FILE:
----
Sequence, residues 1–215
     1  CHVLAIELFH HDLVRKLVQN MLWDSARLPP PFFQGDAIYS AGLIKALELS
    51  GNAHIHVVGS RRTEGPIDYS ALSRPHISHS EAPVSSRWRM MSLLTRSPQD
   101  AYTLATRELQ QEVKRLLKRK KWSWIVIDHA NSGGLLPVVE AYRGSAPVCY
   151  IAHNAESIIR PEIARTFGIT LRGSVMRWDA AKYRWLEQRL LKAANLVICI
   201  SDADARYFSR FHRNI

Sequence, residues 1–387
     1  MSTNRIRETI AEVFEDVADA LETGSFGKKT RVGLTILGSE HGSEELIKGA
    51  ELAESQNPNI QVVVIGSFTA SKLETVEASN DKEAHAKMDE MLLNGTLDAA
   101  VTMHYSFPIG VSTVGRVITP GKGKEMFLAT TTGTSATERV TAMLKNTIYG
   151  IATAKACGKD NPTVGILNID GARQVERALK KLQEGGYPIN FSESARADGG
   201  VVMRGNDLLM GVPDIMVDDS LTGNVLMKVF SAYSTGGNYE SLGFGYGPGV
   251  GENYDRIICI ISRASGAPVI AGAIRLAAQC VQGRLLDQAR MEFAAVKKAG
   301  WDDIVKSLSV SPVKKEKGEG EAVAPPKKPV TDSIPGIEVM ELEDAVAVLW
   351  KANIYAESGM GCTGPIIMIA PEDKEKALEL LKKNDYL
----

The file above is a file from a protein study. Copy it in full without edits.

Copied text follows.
Sequence, residues 1–215
     1  CHVLAIELFH HDLVRKLVQN MLWDSARLPP PFFQGDAIYS AGLIKALELS
    51  GNAHIHVVGS RRTEGPIDYS ALSRPHISHS EAPVSSRWRM MSLLTRSPQD
   101  AYTLATRELQ QEVKRLLKRK KWSWIVIDHA NSGGLLPVVE AYRGSAPVCY
   151  IAHNAESIIR PEIARTFGIT LRGSVMRWDA AKYRWLEQRL LKAANLVICI
   201  SDADARYFSR FHRNI

Sequence, residues 1–387
     1  MSTNRIRETI AEVFEDVADA LETGSFGKKT RVGLTILGSE HGSEELIKGA
    51  ELAESQNPNI QVVVIGSFTA SKLETVEASN DKEAHAKMDE MLLNGTLDAA
   101  VTMHYSFPIG VSTVGRVITP GKGKEMFLAT TTGTSATERV TAMLKNTIYG
   151  IATAKACGKD NPTVGILNID GARQVERALK KLQEGGYPIN FSESARADGG
   201  VVMRGNDLLM GVPDIMVDDS LTGNVLMKVF SAYSTGGNYE SLGFGYGPGV
   251  GENYDRIICI ISRASGAPVI AGAIRLAAQC VQGRLLDQAR MEFAAVKKAG
   301  WDDIVKSLSV SPVKKEKGEG EAVAPPKKPV TDSIPGIEVM ELEDAVAVLW
   351  KANIYAESGM GCTGPIIMIA PEDKEKALEL LKKNDYL